Serving the UMN community since 1900

The Minnesota Daily

Serving the UMN community since 1900

The Minnesota Daily

Serving the UMN community since 1900

The Minnesota Daily

Daily Email Edition

Get MN Daily NEWS delivered to your inbox Monday through Friday!


UMN students react to approved tuition increase

The Board of Regents approved up to a 5.5% tuition increase next year, affecting both in- and out-of-state students.
Image by Wejdan al Balushi
University students say the approved increase in tuition is causing stress and anxiety.

University of Minnesota students will see tuition costs increase up to 5.5% next year after the Board of Regents approved the annual budget at their meeting on June 13.  

At the Twin Cities campus, tuition will increase by 4.5% for in-state students and 5.5% for out-of-state students. The University’s other four campuses will see a 1.5% tuition increase.

Luke Wittner, a fourth-year student, said he has seen many changes since he was first accepted to the University as an incoming freshman.

“When I got accepted here, the acceptance rate was between 45% and 50%, and tuition was reasonable,” Wittner said. “Now the acceptance rate is hovering around 75%, and they jacked up the tuition, so they are obviously doing this for the money.” 

Wittner said he believes the University is taking advantage of current students and is deterring new students from attending the school.

“More students are going to have to pay a lot more money, and I am sure a lot of people will no longer want to apply here because it is not as prestigious anymore based on the acceptance rate, quality of education and the raise in tuition,” Wittner said.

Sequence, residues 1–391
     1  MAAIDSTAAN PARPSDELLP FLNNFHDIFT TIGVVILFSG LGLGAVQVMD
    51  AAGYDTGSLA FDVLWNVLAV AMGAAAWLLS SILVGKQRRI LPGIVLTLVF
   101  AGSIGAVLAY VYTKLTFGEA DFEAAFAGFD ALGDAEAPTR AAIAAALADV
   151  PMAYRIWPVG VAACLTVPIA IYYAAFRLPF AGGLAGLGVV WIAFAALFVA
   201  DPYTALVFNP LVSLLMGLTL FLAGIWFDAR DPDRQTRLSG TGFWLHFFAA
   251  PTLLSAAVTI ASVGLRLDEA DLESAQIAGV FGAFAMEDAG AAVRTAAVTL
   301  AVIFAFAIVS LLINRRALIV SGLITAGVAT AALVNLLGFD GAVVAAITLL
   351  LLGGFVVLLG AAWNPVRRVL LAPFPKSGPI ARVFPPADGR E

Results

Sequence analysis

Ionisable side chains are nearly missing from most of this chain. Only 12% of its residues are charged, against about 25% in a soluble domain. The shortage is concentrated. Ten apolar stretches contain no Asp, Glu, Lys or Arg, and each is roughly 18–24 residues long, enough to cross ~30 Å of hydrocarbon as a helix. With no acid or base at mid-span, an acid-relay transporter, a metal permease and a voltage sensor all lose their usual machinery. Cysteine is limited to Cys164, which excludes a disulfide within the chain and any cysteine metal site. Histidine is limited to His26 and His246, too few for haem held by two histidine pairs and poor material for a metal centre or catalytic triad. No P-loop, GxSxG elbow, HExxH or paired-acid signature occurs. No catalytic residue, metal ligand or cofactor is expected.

Andrea Arifin, an international third-year student from Indonesia, said the tuition increase is a source of anxiety for her.

“With international student fees, you are looking to pay at least $10,000 per semester, even with a scholarship, so even only a 3% increase would really add up over time,” Arifin said.

Arifin added she has been looking for different scholarship options and a new off-campus job that pays more. She does not get financial aid without a green card.

“My main concern is really that it is a financial burden on my parents,” Arifin said. “There’s just this sense of guilt because when you sign up to study abroad, you don’t think they are going to raise tuition each year.” 

Wittner said he thought about attending graduate school at the University, but with the tuition increase, he plans to go elsewhere. 

“I just want to yell at the University and tell them to stop accepting so many people,” Wittner said. “If you accept less people, you will need less money and your University will be more prestigious.” 

Jay Radke, a fourth-year student, said he is part of the North Star Promise Scholarship Program, which pays for his tuition, so he will not be affected by the increase.

Radke said he sees how the increase can be rough for some people, especially those who pay for school without parental assistance.

“I do think there are probably a lot of people who complain about this even though their parents are paying for their college anyways, so I think some people are mad even though it will not affect them,” Radke said.

Radke said the trend of state universities getting less and less funding is worrying.

“For me personally, I know people from out-of-state, and I am more worried for them because those numbers in general are so much bigger, and they are not eligible for scholarships like North Star,” Radke said. 

However, Radke added he believes it is short-sighted for people to be mad about tuition increases because, without them, the University may have to remove resources and programs that benefit students. 

“I think that this is a loss for the University,” Arifin said. “There are so many bright minds out there and so many contributions to be made, but these people will not have the financial means to attend school.”

Leave a Comment
More to Discover

Accessibility Toolbar

Comments (0)

All The Minnesota Daily Picks Reader Picks Sort: Newest

Your email address will not be published. Required fields are marked *